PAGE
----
Effect of peer counselors on adolescent compliance in use of oral contraceptives

M. S. Jay, R. H. DuRant, T. Shoffitt, Charles W Linder, I. F. Litt

Research output: Contribution to journalArticlepeer-review

77 Scopus citations


Poor compliance with contraceptive regimens has been shown to be an important antecedent of adolescent pregnancy. The purpose of this study was to test prospectively the effect of a peer v nurse counseling program on adolescent compliance with the use of oral contraceptives. Fifty-seven females aged 14 to 19 years from a lower socioeconomic background were randomly assigned to a peer (n = 26) or nurse (n = 31) group. At the initial visit and at 1-, 2- and 4-month follow-up visits, subjects received Ortho-Novum 1/35 combined with a tablet marker and were counseled by a nurse or peer. Noncompliance was measured using a Guttman scale consisting of: (1) avoidance of pregnancy, (2) appointment adherence, (3) pill count, and (4) urinary fluorescence for riboflavin. At the first and second follow-ups, the adolescents counseled by a peer had a significantly (P ≤.038) lower noncompliance level than the nurse-counseled group. Adolescents with more frequent sexual activity (P ≤.027) with one sexual partner (P <.04) and who worried that they might become pregnant (P ≤.01) had significantly lower levels of noncompliance when counseled by a peer than by a nurse. At the fourth month follow-up, adolescents who expressed feelings of hopelessness about the future had significantly (P ≤.036) higher levels of noncompliance when counseled by a nurse than when counseled by a peer. These results suggest that incorporating a peer counseler into the health care team may be an effective method of increasing adolescent compliance.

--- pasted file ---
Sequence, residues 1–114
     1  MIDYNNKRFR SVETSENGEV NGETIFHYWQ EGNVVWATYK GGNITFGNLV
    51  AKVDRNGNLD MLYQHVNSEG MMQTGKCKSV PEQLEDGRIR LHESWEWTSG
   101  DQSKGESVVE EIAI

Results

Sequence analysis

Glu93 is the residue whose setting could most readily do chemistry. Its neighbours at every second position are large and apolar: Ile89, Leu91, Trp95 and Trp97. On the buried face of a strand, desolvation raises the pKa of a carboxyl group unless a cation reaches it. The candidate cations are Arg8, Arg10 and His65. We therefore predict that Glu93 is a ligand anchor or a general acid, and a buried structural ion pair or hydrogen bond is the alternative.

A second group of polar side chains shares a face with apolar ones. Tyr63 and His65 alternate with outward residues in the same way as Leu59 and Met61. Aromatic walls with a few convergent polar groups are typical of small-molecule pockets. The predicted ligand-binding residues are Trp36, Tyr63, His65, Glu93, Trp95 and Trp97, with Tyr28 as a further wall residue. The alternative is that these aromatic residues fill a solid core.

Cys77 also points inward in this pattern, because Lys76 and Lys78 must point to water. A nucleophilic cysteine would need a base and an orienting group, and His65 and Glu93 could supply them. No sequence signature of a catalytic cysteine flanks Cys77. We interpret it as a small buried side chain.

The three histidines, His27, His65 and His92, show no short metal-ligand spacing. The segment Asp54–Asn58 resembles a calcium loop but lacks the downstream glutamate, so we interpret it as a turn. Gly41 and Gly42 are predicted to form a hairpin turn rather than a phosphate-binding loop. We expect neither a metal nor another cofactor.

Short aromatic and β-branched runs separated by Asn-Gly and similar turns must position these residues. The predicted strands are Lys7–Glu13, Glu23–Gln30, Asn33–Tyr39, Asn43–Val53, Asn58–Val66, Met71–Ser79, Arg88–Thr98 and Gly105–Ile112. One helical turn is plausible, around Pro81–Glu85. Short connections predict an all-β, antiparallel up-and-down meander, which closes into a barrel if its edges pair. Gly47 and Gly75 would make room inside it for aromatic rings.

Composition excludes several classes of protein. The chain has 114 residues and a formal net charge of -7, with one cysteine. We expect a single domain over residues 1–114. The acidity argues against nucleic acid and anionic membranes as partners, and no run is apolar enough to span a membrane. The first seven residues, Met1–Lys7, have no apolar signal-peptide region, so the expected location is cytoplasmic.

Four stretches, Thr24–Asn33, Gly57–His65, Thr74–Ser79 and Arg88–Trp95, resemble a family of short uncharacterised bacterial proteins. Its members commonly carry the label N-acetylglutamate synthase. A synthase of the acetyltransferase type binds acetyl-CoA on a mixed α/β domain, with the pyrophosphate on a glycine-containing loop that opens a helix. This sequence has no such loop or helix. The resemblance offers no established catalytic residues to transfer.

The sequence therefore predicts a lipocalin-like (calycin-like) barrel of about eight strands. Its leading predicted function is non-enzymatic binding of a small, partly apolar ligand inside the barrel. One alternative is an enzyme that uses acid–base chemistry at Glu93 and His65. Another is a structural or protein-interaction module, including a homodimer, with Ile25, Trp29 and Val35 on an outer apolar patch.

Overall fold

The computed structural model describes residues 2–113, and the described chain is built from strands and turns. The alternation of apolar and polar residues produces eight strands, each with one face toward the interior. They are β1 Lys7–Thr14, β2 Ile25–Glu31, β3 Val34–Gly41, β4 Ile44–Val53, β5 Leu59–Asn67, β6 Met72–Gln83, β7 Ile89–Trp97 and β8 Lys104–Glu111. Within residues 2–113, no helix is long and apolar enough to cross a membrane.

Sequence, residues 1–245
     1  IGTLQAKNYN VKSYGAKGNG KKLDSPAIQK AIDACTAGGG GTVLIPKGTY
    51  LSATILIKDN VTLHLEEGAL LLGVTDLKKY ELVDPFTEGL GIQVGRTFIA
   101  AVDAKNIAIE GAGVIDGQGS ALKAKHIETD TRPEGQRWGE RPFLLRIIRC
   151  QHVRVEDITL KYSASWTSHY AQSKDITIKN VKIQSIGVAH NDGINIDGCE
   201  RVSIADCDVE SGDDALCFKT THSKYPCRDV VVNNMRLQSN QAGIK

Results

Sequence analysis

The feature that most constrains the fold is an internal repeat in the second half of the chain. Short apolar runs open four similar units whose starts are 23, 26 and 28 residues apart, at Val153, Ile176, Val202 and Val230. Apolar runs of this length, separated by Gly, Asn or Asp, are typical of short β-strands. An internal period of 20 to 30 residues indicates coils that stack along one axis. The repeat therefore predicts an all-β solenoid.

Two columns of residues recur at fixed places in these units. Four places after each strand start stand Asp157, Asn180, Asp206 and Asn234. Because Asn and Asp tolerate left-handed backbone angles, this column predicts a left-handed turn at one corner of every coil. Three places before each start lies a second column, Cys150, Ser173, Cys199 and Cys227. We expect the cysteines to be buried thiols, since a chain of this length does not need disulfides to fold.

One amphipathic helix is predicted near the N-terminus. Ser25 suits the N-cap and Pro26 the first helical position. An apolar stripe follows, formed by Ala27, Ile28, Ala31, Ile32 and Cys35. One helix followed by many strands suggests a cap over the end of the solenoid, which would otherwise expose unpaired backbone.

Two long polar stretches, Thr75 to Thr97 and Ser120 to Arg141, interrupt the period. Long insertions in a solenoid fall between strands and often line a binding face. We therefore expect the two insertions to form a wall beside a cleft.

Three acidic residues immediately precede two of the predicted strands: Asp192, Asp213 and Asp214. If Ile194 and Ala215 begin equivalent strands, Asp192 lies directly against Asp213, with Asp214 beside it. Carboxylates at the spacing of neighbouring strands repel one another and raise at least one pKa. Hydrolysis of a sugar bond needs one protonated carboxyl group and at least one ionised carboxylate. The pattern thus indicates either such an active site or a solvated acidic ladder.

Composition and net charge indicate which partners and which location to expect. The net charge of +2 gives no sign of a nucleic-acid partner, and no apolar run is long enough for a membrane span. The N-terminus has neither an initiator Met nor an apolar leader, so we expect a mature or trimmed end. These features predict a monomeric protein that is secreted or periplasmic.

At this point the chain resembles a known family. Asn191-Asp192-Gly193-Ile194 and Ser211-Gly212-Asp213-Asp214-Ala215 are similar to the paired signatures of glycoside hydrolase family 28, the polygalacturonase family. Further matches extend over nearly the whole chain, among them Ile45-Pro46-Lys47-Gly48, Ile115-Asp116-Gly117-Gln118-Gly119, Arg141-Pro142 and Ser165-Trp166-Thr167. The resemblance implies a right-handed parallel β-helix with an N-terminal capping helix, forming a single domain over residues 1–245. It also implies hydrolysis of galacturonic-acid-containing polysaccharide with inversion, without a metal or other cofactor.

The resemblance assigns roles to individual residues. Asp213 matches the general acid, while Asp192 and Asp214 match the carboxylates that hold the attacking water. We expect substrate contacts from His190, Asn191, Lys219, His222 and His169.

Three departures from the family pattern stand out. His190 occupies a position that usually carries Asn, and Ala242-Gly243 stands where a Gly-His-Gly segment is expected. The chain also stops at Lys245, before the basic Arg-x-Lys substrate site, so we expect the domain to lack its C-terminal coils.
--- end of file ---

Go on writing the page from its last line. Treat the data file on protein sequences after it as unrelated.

Original languageEnglish (US)
Pages (from-to)126-131
Number of pages6
Issue number2
StatePublished - Apr 5 1984

ASJC Scopus subject areas

  • Pediatrics, Perinatology, and Child Health


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